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George W. Clark

George W. Clark image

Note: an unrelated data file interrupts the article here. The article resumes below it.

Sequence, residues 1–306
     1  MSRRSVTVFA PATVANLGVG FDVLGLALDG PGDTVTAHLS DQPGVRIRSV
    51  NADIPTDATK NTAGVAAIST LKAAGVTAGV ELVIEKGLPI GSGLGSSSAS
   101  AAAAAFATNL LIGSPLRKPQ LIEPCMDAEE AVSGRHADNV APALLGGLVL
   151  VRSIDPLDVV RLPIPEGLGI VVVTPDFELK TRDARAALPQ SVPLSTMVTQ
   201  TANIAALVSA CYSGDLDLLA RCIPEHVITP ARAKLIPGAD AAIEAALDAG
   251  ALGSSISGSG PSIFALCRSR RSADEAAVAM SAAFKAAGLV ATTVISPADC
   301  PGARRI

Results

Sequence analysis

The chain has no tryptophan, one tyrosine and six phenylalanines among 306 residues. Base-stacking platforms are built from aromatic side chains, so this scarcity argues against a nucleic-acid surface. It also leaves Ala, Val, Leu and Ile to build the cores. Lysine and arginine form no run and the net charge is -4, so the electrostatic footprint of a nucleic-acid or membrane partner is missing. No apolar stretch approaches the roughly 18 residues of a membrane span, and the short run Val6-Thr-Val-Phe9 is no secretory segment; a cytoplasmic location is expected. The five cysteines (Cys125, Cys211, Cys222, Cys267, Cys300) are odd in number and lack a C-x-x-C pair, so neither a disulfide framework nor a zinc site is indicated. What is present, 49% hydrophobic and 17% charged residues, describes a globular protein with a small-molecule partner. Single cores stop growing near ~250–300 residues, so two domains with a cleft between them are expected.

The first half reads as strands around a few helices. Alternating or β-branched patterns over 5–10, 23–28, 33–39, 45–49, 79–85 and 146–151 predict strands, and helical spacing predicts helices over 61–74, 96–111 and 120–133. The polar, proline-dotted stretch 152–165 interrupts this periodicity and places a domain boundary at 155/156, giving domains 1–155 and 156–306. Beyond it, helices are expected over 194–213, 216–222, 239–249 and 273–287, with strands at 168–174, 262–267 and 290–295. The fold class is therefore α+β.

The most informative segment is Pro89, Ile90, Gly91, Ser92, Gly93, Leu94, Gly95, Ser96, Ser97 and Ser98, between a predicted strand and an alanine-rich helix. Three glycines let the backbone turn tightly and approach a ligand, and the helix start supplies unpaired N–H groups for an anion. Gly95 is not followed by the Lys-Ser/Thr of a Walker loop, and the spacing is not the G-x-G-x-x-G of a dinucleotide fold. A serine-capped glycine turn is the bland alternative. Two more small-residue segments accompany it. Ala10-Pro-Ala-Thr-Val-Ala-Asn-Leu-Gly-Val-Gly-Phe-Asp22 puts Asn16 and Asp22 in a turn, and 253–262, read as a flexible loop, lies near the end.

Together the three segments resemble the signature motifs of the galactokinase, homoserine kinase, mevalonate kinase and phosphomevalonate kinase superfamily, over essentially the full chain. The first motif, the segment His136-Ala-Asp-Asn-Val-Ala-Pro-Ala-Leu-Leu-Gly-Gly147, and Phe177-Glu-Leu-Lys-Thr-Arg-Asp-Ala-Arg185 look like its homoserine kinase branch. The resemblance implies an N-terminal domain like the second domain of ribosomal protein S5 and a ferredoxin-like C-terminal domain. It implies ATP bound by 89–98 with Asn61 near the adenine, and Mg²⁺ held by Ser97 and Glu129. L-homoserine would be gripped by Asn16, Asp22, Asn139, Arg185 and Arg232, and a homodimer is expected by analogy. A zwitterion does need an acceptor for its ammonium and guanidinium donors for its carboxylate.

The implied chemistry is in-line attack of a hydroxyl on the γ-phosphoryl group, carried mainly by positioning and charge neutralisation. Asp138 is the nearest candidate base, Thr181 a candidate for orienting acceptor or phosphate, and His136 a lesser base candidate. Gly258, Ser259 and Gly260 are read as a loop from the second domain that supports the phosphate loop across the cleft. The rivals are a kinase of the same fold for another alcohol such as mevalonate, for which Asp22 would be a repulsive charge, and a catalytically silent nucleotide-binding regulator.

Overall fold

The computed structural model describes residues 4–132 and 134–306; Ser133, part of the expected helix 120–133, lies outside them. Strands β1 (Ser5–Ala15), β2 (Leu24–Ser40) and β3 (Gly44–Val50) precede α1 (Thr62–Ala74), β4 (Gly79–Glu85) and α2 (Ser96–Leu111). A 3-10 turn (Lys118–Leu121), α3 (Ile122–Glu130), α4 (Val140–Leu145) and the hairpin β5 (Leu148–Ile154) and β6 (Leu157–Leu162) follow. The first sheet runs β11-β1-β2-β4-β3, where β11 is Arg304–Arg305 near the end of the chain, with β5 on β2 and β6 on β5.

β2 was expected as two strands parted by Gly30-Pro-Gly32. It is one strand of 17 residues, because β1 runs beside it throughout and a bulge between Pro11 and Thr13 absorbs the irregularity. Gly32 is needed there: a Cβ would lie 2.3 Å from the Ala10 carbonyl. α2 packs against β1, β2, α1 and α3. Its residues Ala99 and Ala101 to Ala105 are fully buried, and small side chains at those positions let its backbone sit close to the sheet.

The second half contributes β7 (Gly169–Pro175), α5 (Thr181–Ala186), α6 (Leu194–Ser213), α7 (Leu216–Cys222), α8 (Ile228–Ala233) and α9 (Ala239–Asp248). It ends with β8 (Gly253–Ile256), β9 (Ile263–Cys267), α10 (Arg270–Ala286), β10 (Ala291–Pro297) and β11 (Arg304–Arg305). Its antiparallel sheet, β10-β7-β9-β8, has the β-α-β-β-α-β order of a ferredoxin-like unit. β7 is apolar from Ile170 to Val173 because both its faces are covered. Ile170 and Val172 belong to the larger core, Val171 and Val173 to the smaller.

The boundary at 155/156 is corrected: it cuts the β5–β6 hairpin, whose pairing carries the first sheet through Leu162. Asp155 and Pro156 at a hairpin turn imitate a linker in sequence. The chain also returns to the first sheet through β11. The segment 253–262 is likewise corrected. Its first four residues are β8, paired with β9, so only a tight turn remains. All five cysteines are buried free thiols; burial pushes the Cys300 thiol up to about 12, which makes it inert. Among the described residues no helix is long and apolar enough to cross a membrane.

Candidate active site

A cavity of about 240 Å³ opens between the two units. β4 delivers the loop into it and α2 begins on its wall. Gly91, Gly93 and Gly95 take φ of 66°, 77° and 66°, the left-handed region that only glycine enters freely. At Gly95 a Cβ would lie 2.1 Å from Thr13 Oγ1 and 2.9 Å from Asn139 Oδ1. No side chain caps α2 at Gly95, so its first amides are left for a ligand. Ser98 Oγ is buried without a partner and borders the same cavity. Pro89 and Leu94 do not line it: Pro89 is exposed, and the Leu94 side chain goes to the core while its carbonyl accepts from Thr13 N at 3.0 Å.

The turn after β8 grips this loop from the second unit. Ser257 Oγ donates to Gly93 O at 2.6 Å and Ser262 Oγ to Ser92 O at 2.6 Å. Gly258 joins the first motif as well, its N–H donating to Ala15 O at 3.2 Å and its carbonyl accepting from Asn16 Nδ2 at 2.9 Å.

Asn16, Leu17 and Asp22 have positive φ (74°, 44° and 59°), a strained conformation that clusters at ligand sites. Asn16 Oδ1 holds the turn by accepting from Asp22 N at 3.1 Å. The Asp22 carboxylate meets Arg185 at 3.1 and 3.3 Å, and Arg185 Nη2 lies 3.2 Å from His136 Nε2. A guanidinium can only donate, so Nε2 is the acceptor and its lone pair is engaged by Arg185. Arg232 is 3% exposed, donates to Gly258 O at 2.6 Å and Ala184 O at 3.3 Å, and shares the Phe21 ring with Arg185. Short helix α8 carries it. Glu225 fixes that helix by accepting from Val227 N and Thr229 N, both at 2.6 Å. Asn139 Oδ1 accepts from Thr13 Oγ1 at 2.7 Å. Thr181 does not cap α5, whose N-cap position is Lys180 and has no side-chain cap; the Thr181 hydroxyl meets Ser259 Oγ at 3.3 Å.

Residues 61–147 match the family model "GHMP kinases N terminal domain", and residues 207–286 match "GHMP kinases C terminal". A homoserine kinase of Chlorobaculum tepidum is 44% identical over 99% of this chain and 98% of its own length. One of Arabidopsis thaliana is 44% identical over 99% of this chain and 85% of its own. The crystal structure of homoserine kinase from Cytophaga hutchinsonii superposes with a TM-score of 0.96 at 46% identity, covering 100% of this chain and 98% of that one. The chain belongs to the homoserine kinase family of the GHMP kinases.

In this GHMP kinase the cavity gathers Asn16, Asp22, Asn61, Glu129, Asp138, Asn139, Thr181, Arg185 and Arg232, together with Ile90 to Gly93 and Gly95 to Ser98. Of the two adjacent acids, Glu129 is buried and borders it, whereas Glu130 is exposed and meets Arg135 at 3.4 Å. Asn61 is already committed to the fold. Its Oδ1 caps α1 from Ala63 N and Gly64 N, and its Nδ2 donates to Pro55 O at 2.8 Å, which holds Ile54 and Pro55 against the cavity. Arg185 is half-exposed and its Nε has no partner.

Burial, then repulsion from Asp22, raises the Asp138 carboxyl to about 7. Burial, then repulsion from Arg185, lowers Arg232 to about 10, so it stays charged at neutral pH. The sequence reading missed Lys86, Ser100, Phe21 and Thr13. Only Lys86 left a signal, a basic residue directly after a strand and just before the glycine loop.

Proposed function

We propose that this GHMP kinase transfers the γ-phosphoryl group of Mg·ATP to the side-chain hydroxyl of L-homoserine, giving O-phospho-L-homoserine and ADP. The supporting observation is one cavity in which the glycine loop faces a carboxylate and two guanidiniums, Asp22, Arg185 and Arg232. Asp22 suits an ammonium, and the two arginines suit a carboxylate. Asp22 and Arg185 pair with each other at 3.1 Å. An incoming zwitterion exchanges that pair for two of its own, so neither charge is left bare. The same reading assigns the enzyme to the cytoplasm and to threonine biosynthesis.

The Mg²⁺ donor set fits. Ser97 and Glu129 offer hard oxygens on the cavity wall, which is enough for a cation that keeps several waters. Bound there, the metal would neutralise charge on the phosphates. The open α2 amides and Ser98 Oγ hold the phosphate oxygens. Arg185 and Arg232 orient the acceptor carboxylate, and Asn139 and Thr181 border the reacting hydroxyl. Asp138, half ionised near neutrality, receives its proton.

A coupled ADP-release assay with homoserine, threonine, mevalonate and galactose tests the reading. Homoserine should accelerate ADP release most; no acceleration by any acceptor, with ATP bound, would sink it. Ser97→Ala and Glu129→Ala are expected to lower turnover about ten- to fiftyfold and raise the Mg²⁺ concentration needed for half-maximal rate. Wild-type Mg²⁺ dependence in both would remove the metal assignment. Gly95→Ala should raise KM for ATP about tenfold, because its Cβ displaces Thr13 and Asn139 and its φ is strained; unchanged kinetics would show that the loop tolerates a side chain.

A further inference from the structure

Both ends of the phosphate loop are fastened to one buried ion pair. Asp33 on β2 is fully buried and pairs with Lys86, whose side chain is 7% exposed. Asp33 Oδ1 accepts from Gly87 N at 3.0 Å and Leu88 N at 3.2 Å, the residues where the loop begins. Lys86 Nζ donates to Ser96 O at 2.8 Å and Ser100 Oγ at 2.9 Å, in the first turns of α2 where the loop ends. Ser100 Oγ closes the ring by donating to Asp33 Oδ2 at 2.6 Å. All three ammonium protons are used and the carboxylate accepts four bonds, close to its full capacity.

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By the following extrnct of a letter from Mr. Clnrk, dmed Victor, N. Y. September 24, 1846, t ui II bo aeen that it is vcry doub'ul -.vhether ha i= alilo to i'ill hls nppointments in this State. - Tho disnppuintineut will bc a matter of general regret. "It was expected by the friends ín your State, that I would spend some'.ime with them previous to your election, and I fondly anticipated returning, and being able so to do. 1 find myself, however confined to my bed with chili and fever, with which I was attacked the next dny after l reahed home. You will sec theperfect impossibility of fulfilling a duty, which I had hoped might be useful to the cause in your tate, and alike pleasant to my feelings. My friend Paine, also, who occompnnicd me from Illinois, has been vcry sick at my house, but is now convalescent, while I remain prostrate and can hardly say when I may get about. It may be well for you to let the friends know why I cannot be with. them."ÜJ' Somebody hns returncil a co'py. of the Signnl for diseonüntinnco, without nny name or post office theruwith. If he will makc nsncquninted with these lwo particular, we will coraply wiih liis wishes. O Tlio Democrat8 hnve nominnted for Conyrees, Robcrt iMcClelland, from the firs'. district, ivlwiird Ilradlcy fion ihc second, and K. K. Birrgharr, (rom the Thá first two nro practising lawyers, the last 'n said to havo been a student of the profossion. AI! throo wero ndvocates 'óf receiiing Texas with alavry, and' niny justly be regnrded na prosl.avery men. - KT Jacob M. Howard of üetroi, i a o tu diilaie for th State Señólo.